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Bill Whatcott's appearance on campus is interrupted by a protester. Photo by Eric Westhaver, INK Online.

Bill Whatcott’s views are – to put it lightly – controversial.

 

His views on abortion and LGBTQ rights are far beyond the mainstream. Some might even say they go beyond the pale. He’s fought the law. He’s been fined by the provincial government, gone to Canada’s Supreme Court several times, and was arrested during a demonstration at the University of Regina last year.

 

On Jan. 12, he came back to campus.

 

Whatcott returned after a legal battle stemming from his arrest last April. Whatcott and a partner, American-born Peter Labarbera, were arrested for criminal mischief after a protest, which saw them butt heads with counter-protesters and campus police. Whatcott himself summed up his reasons for appearing, saying, “It’s about exercising the right for Christians and social conservatives to freely express their opinions on publicly-funded campuses.”

 

Whatcott brought a display and paraphernalia with him, including pamphlets from “ex-gay” activists and his now-notorious “gospel condoms,” anti-gay messages packaged in prophylactic-like plastic. The large pictures of aborted fetuses that were prominent in his appearance last April stayed home. Whatcott also referenced what he calls “homofascism,” defining it as, “silencing any speech critical of homosexuality.”

 

Reception to Whatcott’s visit was frosty at best. A Facebook group created by local activists, called “Block Whatcott”, has more than 200 members. By contrast, only one or two students passing Whatcott’s display voiced their support.

Counter-protesters walk over to Whatcott's display.Counter-protesters walk over to Whatcott's display. Photo by Eric Westhaver, INK Online.

“We just want to demonstrate to students that might be affected by his message that there is support on campus, and not everyone stands with what he has to say,” one of the group’s founders, Deidre Brandt, said. A member of the group, Sonia Stanger, added, “There needs to be a differentiation in between freedom of speech and preaching hate.”

 

Whatcott reacted to the group by labelling its members as “sodomites, anarchists, (and) transvestites” on his website, adding “If you can go onto this group's Facebook page and see their member's profiles you will quickly discern these souls are lost and ‘unchurched.’”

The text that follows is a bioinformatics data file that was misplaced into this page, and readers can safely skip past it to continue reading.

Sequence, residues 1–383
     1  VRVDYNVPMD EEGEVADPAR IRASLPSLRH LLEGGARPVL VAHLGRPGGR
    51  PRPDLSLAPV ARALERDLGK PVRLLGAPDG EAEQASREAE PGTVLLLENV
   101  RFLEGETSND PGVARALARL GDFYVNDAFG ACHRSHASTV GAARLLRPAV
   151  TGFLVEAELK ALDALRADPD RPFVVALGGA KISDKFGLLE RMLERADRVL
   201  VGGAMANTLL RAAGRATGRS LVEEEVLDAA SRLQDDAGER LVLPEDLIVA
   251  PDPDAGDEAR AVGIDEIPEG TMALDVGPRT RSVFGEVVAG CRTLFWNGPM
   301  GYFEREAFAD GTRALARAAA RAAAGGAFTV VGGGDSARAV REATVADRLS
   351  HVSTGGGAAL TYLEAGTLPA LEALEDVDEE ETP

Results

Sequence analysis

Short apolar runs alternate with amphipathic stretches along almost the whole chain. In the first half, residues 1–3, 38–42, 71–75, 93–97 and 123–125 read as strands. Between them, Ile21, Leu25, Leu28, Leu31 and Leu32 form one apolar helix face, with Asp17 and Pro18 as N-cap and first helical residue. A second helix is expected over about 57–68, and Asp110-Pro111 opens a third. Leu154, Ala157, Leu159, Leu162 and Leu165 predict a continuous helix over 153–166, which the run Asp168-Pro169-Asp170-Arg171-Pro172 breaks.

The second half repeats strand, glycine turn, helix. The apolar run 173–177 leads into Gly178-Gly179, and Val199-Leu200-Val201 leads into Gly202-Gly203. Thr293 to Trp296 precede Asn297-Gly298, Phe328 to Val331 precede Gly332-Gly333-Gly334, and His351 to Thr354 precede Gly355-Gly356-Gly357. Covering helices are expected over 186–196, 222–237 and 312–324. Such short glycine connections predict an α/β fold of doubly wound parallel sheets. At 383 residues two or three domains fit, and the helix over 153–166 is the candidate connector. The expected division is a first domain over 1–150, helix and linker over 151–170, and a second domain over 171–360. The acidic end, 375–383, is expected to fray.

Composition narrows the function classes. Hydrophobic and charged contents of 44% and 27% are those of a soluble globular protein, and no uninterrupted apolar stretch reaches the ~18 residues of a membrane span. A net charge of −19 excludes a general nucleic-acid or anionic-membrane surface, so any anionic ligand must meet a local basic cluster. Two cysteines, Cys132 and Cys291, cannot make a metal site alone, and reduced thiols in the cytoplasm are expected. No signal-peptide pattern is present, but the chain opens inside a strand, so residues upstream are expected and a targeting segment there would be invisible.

At the protests, the mood between Whatcott and the protesters was surprisingly civil. No violence was reported, police weren’t called, and there was minimal shouting and yelling. Protesters brought signs that were often humourous in nature, with sayings like, “Bill Whatcott’s Hair is a Sin” and “Wookies Love Everyone.” At one point, Whatcott even took out his phone and took a picture of the protesters. Whatcott added later, “Kudos to the UofR and kudos to 99 per cent of the students for being polite, and either ignoring me or even being receptive. You have the right to do both.”

 

“We’re not here to have a fight. We’re not here to get in a scrap,” said UR Pride vice-chair Lisa Phillipson. “We’re not here to butt heads about anything, it’s going to be a peaceful protest.”

 

Free speech was one of the days’ hot topics, and each side had their own interpretations. The demonstrators’ point of view was summed up by Stanger, who said, “Just because freedom of speech applies doesn’t mean that the university has to give him a platform for that speech, especially if it’s hate speech.” Stanger added, “I think it’s disappointing, but I don’t think it has the same effect he thinks it does. I don’t think he’s convincing anyone.

 

Whatcott himself shared surprisingly similar views, saying that a display with foul language, pornography, or racial hatred should be restricted. However, Whatcott added, “Opinions and moral views, even you don’t agree with them, you should tolerate them, and the U of R did that.”

 

Whatcott considered the day a success, saying “They obviously have their views and one display of mine probably won’t change most of them, but if they allow the display, and if the same rules apply to me as to them, then I can’t complain."